Current Projects

The following projects have been selected to receive support from Michigan Sea Grant. Do you have an idea for a project? Send suggestions to Research Program Director Catherine Riseng at criseng@umich.edu. Follow Michigan Sea Grant on social media or join our mailing list for details about upcoming requests for proposals.

2020-2022

Anishinaabe-Gikendaasowin in integrated assessment research in the Keweenaw Bay Indian Community for stewardship and governance partnerships

Michigan’s tribal communities hold a wealth of environmental knowledge. In the Ojibwe language, Anishinaabe refers to Indigenous Ojibwe people, and gikendaasowin is defined as “knowledge” or “intelligence.” Click the links to hear the words pronounced as part of the Ojibwe People’s Dictionary.

Valoree Gagnon, director of university-Indigenous partnerships at Michigan Technological University, will work with tribal groups to synthesize, honor, and spread Indigenous community knowledge about natural resources and environmental science. The goal of this project is to help integrate Indigenous knowledge into stewardship, governance, and research for natural resources in the Great Lakes region.

Lead principal investigator: Valoree Gagnon, Michigan Technological University

Project overview (PDF)

Updating predator-prey stocking models and strategies in Lake Michigan

As natural resource managers reassess the way they stock trout and salmon species in Lake Michigan, Assistant Professor Kelly Robinson from Michigan State University will update models that forecast salmonine fish populations while incorporating benefits, risks, and tradeoffs of different stocking strategies. Lake Michigan’s fishery stakeholders will be part of the decision-making process.

Lead principal investigator: Kelly Robinson, Michigan State University

Project Overview (PDF)

Identifying factors that affect toxicity in Lake Erie’s harmful algal blooms

Gregory Dick, an associate professor at the University of Michigan, will develop models to help determine why some strains of harmful algal blooms are more toxic to humans and animals than others. This project aims to enhance the ability to forecast algal bloom toxicity and help guide policies to prevent toxic blooms.

Lead principal investigator: Gregory Dick, University of Michigan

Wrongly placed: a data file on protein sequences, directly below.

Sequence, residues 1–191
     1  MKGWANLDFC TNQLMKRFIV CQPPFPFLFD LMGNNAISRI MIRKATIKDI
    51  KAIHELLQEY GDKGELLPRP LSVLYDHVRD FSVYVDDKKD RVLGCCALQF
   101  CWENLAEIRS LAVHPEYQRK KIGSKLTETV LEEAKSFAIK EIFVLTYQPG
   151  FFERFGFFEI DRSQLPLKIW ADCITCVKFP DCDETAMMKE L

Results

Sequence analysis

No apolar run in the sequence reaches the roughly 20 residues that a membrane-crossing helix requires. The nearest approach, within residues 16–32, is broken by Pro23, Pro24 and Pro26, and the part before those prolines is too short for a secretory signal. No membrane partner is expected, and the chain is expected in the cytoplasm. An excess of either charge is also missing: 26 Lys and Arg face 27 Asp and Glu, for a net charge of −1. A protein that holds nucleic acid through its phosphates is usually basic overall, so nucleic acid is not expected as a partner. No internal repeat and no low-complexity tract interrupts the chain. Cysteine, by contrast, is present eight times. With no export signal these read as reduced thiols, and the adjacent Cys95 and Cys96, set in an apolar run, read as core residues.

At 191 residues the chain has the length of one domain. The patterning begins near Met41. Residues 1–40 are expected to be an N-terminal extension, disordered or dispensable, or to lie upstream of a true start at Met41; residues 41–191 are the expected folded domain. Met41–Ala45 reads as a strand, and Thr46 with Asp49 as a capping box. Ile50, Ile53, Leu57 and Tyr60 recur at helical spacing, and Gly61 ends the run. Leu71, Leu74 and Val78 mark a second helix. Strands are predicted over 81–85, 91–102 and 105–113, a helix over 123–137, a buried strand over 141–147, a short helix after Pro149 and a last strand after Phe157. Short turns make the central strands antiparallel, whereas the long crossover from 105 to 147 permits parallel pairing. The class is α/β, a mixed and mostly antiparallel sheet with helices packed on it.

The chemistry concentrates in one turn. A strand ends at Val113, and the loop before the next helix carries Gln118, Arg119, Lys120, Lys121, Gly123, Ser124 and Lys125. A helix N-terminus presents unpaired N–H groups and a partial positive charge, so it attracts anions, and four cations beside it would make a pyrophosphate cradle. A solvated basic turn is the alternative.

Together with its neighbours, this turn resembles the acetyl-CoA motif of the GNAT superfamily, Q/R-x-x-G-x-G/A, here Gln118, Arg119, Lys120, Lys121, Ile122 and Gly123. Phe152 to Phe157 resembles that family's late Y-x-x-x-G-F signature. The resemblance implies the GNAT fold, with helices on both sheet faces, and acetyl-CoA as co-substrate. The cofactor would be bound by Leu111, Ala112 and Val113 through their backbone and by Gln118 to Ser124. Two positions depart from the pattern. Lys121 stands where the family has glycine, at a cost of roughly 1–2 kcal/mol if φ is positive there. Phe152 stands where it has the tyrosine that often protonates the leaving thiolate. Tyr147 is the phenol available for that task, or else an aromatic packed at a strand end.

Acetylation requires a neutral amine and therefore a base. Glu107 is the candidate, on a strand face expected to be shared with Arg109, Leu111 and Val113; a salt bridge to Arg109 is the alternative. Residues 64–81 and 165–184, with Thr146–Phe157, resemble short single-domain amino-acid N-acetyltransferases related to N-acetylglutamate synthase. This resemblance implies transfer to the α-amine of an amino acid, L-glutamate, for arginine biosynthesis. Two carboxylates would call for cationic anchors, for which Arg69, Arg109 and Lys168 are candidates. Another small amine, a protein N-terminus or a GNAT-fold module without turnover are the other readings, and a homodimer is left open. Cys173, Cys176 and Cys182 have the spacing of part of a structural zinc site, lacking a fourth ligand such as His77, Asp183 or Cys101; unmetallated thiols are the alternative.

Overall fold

Project overview (PDF)

Developing a strategy for tracing septic field contamination in the Saginaw Bay watershed

Aging septic systems in the Saginaw Bay watershed can leak into groundwater and surface waters, contributing to issues like beach closures and algae blooms in Saginaw Bay. Matthew Schrenk, an assistant professor at Michigan State University will partner with state and local agencies to develop a system of microbial and geochemical tracking strategies that could identify septic system leaks. This could be instrumental in helping local and state agencies restore the water quality and ecosystem health of the Saginaw Bay watershed.

Lead principal investigator: Matthew Schrenk, Michigan State University

Project overview (PDF)

An integrated approach for understanding and managing Lake Michigan’s shifting shorelines

Managing Lake Michigan’s shorelines requires an understanding of physical, biological, and social factors, especially as climate change
is influencing weather patterns. A diverse regional research team including investigators from universities in Michigan, Wisconsin, and Indiana aims to foster resilient coastal communities around Lake Michigan by tracking the movement of sediment along the shoreline, assessing attitudes about lakeside development and protection, and devising a framework for empathetic decision-making about coastal resources. This project is jointly funded by Michigan Sea Grant, Illinois-Indiana Sea Grant, and Wisconsin Sea Grant.

Lead principal investigators:

Guy Meadows, Michigan Technological University
Chin Wu, University of Wisconsin-Madison
Cary Troy, Purdue University

Project overview (PDF)

The effects of nutrient loading on nutrient limitation in Great Lakes coastal ecosystems

Graduate Fellow Erin Eberhard at Michigan Technological University will collaborate with Michigan’s Department of Environment, Great Lakes, and Energy to investigate how nutrients move through watersheds to coastal ecosystems where wetlands, streams, and lakes meet. This project will provide key understanding of nitrogen cycling in Great Lakes coastalregions. 

Graduate student fellow: Erin Eberhard, Michigan Technological University

Project overview (PDF)

Investigating competition and overlap between different types of Lake Superior lake trout

Graduate Fellow Will Otte at Northern Michigan University will work with U.S. Geological Survey research staff to look for overlapping habitat and dietary needs among several types of lake trout in Lake Superior. This research will help natural resources professionals understand and manage trends in lake trout populations.

Graduate student fellow: Will Otte, Northern Michigan University

Project overview (PDF)

2018-2020

Cladophora, mussels, and the nearshore phosphorus shunt in Lake Michigan

Since invading the Great Lakes, filter-feeding zebra and quagga mussels have increased water clarity in Lake Michigan, Lake Huron, and Lake Ontario. This has boosted the growth of bottom-dwelling filamentous algae like Cladophora, which washes ashore in stringy green mats to foul beaches and harbor harmful bacteria. The invading mussels also recycle phosphorus — a nutrient that feeds algal growth — through their feces. Pengfei Xue, an assistant professor in the Michigan Technological University Department of Civil and Environmental Engineering, will lead a team applying mathematical models to untangle the web of processes supplying nutrition to Cladophora at Sleeping Bear Dunes National Lakeshore.

Lead principal investigator: Pengfei Xue, Michigan Technological University

Project overview (PDF)